AT&T, another notable supporter of the arts, returns for the third year as a Presenting Sponsor of the Festival and will be hosting the AT&T Festival Lounge. Set in a former restaurant and boasting outstanding views, the Lounge will feature interactive artworks that explore the intersection of music and technology. This sponsorship offers AT&T, a company that values and supports innovation and creative design, an opportunity to engage with festival goers in an area of New York that has been dubbed the new “Tech Triangle”.

 

AT&T has demonstrated a commitment to the arts, particularly in New York City, through their support of the DUMBO Arts Festival and other arts events, such as the High Line Open Studiosand the Tribeca Film Festival. The continued joint sponsorship from these two major corporations enables the DUMBO Arts Festival to, once again, stand out as a highlight amongst the lineup of New York City arts events.

 

For more information about the DUMBO Arts Festival, which takes place September 27th–29th in DUMBO (Down Under the Manhattan Bridge Overpass), Brooklyn, check out DumboArtsFestival.com.

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Bold Partnerships for Dallas Arts Orgs

Posted by Michael Granberry
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Bold Partnerships for Dallas Arts Orgs

Dallas-based AT&T is putting its business acumen to work for five financially challenged arts organizations. The corporation will provide free oversight to the Dallas Symphony Orchestra, Dallas Opera, AT&T Performing Arts Center, Dallas Theater Center, and Dallas Summer Musicals.

 

The goal of the partnership is to stanch the financial bleeding that has plagued the organizations since the 2008 recession.

 

“The old economic business models are not working,” DSO chairman Blaine Nelson said. “Revenues are falling far short of costs and expenses.”

 

Financial woes have besieged the DSO, Dallas Opera, and Dallas Summer Musicals, which recently asked the city for money.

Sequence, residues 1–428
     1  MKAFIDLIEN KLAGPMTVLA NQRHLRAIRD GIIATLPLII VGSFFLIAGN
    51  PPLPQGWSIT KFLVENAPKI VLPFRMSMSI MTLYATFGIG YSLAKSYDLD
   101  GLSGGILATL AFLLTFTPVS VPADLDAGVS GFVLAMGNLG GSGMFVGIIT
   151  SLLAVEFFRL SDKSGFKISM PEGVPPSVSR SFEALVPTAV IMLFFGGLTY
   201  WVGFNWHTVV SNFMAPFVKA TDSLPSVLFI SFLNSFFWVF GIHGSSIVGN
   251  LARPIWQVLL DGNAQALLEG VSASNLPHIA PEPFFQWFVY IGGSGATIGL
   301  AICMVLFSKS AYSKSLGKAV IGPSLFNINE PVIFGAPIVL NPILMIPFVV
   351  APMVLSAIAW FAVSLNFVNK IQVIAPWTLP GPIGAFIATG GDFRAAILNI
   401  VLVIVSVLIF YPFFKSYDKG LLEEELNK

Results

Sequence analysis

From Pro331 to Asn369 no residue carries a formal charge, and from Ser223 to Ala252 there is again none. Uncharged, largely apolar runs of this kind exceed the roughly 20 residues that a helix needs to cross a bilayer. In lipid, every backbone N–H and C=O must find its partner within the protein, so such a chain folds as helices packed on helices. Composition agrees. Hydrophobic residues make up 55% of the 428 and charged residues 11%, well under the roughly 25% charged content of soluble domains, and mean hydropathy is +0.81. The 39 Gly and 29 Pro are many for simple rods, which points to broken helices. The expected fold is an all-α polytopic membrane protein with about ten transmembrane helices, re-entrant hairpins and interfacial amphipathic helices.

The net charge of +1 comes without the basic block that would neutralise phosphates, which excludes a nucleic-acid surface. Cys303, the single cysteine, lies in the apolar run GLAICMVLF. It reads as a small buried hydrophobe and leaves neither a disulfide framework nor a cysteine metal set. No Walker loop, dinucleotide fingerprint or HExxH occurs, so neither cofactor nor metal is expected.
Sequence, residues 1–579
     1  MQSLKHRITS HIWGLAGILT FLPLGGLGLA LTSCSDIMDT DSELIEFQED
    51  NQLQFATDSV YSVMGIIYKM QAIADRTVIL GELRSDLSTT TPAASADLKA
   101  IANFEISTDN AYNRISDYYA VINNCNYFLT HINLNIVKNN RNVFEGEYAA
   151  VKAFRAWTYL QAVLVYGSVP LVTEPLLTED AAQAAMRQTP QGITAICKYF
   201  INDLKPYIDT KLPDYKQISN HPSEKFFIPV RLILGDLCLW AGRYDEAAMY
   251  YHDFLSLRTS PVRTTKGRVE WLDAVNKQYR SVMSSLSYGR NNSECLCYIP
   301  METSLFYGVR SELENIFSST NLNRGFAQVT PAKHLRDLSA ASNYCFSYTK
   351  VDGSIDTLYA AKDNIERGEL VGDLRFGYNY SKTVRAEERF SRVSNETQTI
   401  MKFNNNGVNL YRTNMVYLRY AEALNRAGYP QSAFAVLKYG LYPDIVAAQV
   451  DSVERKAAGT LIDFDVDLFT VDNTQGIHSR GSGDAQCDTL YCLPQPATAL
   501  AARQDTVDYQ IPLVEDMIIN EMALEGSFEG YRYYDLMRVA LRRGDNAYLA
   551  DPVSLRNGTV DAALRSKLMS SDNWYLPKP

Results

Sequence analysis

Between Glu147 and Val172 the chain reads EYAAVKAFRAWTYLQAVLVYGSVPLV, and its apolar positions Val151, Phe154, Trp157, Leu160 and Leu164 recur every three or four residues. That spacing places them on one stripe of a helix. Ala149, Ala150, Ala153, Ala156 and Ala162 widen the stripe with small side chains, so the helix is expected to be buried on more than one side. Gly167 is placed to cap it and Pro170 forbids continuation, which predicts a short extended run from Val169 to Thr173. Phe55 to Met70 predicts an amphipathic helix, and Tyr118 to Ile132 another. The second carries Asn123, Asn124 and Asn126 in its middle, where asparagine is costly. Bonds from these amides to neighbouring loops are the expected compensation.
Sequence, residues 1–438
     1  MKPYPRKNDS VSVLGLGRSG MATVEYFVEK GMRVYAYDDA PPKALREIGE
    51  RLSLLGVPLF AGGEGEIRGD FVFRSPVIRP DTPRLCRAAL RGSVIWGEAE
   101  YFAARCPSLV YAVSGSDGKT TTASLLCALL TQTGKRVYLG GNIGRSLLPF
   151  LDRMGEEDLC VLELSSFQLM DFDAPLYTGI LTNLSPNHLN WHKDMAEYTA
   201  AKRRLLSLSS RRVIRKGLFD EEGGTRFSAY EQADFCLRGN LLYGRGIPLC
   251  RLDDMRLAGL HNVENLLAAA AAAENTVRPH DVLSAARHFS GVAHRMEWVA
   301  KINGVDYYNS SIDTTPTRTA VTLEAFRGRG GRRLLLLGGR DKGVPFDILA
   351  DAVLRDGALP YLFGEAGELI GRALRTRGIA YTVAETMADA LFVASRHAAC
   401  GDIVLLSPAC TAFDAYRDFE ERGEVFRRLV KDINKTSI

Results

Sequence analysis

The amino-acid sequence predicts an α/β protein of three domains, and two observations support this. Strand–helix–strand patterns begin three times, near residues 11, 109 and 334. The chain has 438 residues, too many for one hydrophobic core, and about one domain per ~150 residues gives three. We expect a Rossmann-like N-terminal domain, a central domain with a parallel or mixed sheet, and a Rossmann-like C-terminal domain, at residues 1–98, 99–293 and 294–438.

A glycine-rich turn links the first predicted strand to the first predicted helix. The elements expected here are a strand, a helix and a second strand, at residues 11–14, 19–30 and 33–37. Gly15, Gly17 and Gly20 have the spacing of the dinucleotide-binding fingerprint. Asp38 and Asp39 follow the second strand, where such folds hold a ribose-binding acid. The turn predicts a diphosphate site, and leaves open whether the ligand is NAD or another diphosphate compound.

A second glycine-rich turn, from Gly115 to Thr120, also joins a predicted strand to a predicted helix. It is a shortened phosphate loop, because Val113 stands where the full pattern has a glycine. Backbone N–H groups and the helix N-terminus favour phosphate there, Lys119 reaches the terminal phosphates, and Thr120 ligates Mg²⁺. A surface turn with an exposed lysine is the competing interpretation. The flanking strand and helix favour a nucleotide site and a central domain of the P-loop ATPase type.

The partnership is designed to help the companies streamline operations and share numerous endeavors, while preserving their independence. It’s also aimed at quelling the fierce competition that has existed at times between the performing arts center and Dallas Summer Musicals, both of which present Broadway shows.

 

Nelson says that “donor heroics” are no longer a winning strategy. Donors are, he said, increasingly younger givers who have tired of “a bottomless pit” and the absence of a “sustainable business model.” They prefer to be seen, he said, as investors, not donors.

Nelson helped conceive the new model, called the Performing Arts Collaboration, which was first broached six months ago.

 

“The donor community and the corporate community are a bit fatigued,” said AT&T executive Ron Spears. “Their message back has been very clear: We want to support you, but we need to see some level of rationalization about the way we operate in the Arts District. We would like to see it become much more businesslike than what we’ve seen in the past, which is, every time someone gets into trouble, they come knocking at the door in a financial rescue effort.”

 

Under the agreement, the five will retain what the group calls “institutional and artistic identity,” with AT&T providing “leadership, offering resources and brainpower.” In making the announcement, the institutions promised to explore “combining back-office operations such as health care and benefits, ticketing and box office, scheduling and capacity, artistic collaboration and facility management.”

 

As for how much each organization would save, that’s a mystery for now.

“We don’t know,” said Chris Heinbaugh, spokesman for the AT&T Performing Arts Center. “Part of the process is drilling down into all the details and figuring out what the real savings might be.”

 

All five companies perform in facilities owned by the city, though the city will not share in managing the new arrangement. “As both a businessman and an arts supporter, the initiative makes all the sense in the world,” Mayor Mike Rawlings said.

 

Since the opening of the Winspear Opera House, competition has often been an issue with the Arts District newcomer and its Fair Park rival, Dallas Summer Musicals.

 

Roger Nanney, board president of the AT&T PAC, and Michael Jenkins, president and managing director of DSM, “have sat down,” Spears said. “They agree that competition for artistic work doesn’t make any sense.” So one of the first big efforts between the two, Spears said, will be “how to better coordinate.” Staging Broadway shows in Dallas should now become “a better overall experience. What’s been going on is not the best.”

 

AT&T is gifted, Nelson said, at finding “more efficient ways to operate, at reducing costs and redundancies.” He cited as one example the five groups having five separate box offices. “I see no reason,” he says, “why we can’t share one box office.”

 

“Where do I think this journey will lead us?” Nelson said. “I don’t know. But the goal for all of these organizations, which mean so much to the city of Dallas economically and culturally, is to find better ways to operate. We simply have to.”

 

*This post was originally published by The Dallas News and ARTSblog.